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The Tao of Pooh (1982)

by Benjamin Hoff

Other authors: See the other authors section.

Series: Wisdom of Pooh (1)

MembersReviewsPopularityAverage ratingMentions
7,989129877 (3.79)108
Winnie-the-Pooh has a certain Way about him, a way of doing things that has made him the world's most beloved bear. InThe Tao of Pooh, Benjamin Hoff shows that Pooh's Way is amazingly consistent with the principles of living envisioned by the Chinese founders of Taoism. The author's explanation of Taoism through Pooh, and Pooh through Taoism, shows that this is not simply an ancient and remote philosophy but something you can use, here and now. And what is Taoism? It's really very simple. It calls for living without preconceived ideas about how life should be lived--but it's not a preconception of how life--it's.... Well, you'd do better to listen to this book, and listen to Pooh, if you really want to find out.… (more)
  1. 20
    The Te of Piglet by Benjamin Hoff (Marewinds)
    Marewinds: Companion volume to the Tao of Pooh, and slightly more in-depth, for the next steps in your journey down the path of the Tao.
  2. 20
    Tao Te Ching by Lao Tzu (Othemts)
    Othemts: Books that help Westerners understand Taoist beliefs.
  3. 10
    Finding the Way: A Novel of Lao Tzu by Wayne Ng (Cecrow)
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» See also 108 mentions

English (124)  Dutch (2)  German (2)  Spanish (1)  All languages (129)
Showing 1-5 of 124 (next | show all)
I picked this up after an Audible sale. This is often referred to as the best primer for Taoism. I’ll admit, I’m not much of a philosopher so this was harder to get into than I thought. As an audiobook, I also had a hard time differentiating between the narrator’s version of Eeyore vs. Pooh or other similar characters like Piglet and Rabbit. And, it’s hard for me to really buy into this philosophy at all – that things are as they’re meant to be, in their natural state. If that’s the case, my natural state is spiteful cynicism.

( )
  MC_Rolon | Jun 15, 2022 |
Lovely to revisit this little text that I first read nearly twenty years ago. Its simple, humorous illustrations make me want (again) to get more in touch with my simpler, less action-oriented self. ( )
  jscape2000 | May 2, 2022 |
This was very Pooh-like and I really enjoyed it, but I can't say I'm really into Tao. There were some interesting and useful things, though. ( )
  Wren73 | Mar 4, 2022 |
The Tao of Pooh is a book which has given me a much better understanding of Taoism. Pooh is a well-chosen example of a Taoist, and through citing the Pooh stories, Hoff knows how to get the essence of Taoism across.

However, the book also has a strong moral judgement. Is judging and whining about our Western lifestyle a Taoist thing to do? I doubt it. I don't hear Pooh bear b*tching about managers, people who try to think things through, etc..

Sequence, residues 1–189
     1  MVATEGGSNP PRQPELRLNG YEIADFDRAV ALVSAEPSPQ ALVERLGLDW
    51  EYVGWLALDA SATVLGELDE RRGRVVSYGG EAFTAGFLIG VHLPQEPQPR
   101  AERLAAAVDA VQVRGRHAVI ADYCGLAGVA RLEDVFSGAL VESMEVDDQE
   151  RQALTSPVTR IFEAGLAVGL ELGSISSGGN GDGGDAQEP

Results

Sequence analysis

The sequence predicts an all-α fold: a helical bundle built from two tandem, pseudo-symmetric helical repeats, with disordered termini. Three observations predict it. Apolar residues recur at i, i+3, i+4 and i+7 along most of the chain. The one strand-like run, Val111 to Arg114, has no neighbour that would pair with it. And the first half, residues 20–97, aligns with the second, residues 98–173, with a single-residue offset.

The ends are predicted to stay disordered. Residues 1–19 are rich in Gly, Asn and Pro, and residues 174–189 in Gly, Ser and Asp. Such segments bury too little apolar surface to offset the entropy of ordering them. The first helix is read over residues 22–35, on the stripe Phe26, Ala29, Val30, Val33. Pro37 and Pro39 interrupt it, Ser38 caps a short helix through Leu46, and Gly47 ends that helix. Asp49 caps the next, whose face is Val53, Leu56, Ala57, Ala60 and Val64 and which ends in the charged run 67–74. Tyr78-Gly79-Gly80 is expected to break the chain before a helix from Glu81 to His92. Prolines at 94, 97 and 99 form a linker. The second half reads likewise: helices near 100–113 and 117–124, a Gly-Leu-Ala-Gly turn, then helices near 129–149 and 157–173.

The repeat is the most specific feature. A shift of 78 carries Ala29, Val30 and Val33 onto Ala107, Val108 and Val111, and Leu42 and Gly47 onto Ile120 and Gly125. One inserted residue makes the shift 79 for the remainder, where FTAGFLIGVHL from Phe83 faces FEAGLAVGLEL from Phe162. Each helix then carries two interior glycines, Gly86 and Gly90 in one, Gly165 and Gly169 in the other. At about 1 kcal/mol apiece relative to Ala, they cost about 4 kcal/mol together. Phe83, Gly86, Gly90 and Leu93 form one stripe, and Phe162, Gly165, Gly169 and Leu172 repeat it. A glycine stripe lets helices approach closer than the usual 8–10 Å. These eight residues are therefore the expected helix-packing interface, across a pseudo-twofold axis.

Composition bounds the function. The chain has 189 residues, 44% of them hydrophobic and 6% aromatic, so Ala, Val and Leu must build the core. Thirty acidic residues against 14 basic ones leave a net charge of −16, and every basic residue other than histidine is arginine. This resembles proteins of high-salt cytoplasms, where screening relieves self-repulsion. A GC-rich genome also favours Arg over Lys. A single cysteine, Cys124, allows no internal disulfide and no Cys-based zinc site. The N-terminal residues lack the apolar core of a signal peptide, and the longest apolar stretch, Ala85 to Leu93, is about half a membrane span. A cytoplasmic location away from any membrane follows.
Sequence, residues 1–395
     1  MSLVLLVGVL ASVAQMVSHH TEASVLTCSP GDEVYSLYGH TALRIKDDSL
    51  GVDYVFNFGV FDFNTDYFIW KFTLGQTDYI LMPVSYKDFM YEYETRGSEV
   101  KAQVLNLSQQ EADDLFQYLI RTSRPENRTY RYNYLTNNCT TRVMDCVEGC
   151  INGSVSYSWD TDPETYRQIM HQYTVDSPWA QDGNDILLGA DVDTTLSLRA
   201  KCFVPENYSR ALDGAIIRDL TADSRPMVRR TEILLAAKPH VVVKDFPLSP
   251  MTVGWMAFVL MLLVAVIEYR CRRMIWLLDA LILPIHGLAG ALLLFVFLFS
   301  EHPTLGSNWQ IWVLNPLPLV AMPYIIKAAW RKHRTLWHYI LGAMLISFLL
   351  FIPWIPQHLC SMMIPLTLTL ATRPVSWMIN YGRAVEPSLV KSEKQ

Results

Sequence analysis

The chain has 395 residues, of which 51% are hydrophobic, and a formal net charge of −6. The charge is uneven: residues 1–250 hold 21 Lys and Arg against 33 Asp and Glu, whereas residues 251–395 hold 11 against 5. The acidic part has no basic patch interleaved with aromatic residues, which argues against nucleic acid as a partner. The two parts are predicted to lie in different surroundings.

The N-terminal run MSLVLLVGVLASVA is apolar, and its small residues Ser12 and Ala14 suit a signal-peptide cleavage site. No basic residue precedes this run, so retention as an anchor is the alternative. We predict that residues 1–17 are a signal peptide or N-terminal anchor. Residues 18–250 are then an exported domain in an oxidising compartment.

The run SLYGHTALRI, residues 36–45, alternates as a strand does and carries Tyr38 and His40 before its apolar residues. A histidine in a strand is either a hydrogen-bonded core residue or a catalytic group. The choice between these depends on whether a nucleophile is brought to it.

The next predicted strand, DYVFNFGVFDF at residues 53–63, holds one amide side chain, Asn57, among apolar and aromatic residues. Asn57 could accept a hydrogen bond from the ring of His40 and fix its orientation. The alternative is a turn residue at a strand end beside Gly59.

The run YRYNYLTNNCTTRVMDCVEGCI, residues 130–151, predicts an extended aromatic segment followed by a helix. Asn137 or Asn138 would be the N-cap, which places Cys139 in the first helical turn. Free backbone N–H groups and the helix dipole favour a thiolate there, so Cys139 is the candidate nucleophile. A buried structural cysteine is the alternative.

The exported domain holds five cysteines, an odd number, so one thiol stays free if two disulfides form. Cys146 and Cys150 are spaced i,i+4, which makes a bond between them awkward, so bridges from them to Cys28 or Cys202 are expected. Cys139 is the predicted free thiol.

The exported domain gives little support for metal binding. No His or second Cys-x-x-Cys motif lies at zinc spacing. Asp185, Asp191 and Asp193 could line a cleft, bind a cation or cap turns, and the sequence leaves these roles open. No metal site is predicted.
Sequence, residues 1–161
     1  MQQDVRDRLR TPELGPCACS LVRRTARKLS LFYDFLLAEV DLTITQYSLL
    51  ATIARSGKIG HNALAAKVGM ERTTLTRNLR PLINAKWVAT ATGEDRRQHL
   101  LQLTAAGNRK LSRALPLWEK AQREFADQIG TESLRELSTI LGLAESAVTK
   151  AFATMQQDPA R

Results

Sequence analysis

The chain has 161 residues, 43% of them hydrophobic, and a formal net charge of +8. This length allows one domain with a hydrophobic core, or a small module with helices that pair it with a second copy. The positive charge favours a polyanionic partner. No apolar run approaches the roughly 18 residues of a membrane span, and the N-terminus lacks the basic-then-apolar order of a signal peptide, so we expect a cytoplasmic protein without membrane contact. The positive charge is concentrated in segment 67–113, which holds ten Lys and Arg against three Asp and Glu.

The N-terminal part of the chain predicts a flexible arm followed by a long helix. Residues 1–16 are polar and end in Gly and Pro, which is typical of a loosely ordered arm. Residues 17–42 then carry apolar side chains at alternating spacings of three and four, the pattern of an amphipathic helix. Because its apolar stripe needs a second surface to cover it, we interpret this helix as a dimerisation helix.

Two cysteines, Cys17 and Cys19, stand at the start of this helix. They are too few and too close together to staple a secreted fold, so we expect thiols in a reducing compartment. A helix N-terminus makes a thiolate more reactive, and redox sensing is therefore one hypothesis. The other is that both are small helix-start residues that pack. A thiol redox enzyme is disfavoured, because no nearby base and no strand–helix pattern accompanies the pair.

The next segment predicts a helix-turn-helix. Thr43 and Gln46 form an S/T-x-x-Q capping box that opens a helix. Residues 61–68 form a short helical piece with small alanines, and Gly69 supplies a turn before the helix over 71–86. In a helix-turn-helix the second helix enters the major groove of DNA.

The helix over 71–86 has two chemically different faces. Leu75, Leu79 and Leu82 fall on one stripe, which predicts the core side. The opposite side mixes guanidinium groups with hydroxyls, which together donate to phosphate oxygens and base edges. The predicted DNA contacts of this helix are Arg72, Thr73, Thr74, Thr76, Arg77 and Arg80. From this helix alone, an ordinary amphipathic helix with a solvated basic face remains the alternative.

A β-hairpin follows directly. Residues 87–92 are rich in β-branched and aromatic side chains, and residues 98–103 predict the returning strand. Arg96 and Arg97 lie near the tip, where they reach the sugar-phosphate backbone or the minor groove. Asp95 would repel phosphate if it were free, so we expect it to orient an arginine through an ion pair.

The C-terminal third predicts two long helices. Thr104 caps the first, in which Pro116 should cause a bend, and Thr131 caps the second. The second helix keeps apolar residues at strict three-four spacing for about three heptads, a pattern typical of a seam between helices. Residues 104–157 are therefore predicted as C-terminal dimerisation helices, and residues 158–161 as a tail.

This brings me to the second point of criticism I have, and this applies to Taoism in general. Can one choose to be Taoist? And how? Since Taoism is an anti-intellectual movement, it has no clear guidelines of concepts. It is all very vague. I recognize myself in Rabbit, a thinker who tries to control every aspect of his life. I also recognize how faulty of an approach this often is. But how can one change?

How can one become a Pooh bear? ( )
1 vote Boreque | Feb 7, 2022 |
Great concept and good execution, but generally just entertaining. ( )
  jamestomasino | Sep 11, 2021 |
Showing 1-5 of 124 (next | show all)
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» Add other authors (19 possible)

Author nameRoleType of authorWork?Status
Benjamin Hoffprimary authorall editionscalculated
Shepard, E.H.Illustratorsecondary authorsome editionsconfirmed
Shepard, EarnestIllustratorsecondary authorsome editionsconfirmed
Vance, SimonNarratorsecondary authorsome editionsconfirmed
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Epigraph
Cottleston, Cottleston, Cottleston Pie,
A fly can't bird, but a bird can fly.
Ask me a riddle and I reply:
"Cottleston, Cottleston, Cottleston Pie."
Dedication
For Han Hsiang-tse
First words
"What's this you're writing?" asked Pooh, climbing onto the writing table.
"You see, Pooh," I said, "a lot of people don't seem to know what Taoism is . . ."
Quotations
Last words
(Click to show. Warning: May contain spoilers.)
Disambiguation notice
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Wikipedia in English (1)

Winnie-the-Pooh has a certain Way about him, a way of doing things that has made him the world's most beloved bear. InThe Tao of Pooh, Benjamin Hoff shows that Pooh's Way is amazingly consistent with the principles of living envisioned by the Chinese founders of Taoism. The author's explanation of Taoism through Pooh, and Pooh through Taoism, shows that this is not simply an ancient and remote philosophy but something you can use, here and now. And what is Taoism? It's really very simple. It calls for living without preconceived ideas about how life should be lived--but it's not a preconception of how life--it's.... Well, you'd do better to listen to this book, and listen to Pooh, if you really want to find out.

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Book description
Haiku summary
Haiku about bear
with very simple nature
is quite redundant. (Hephaestus63)

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Tantor Media

An edition of this book was published by Tantor Media.

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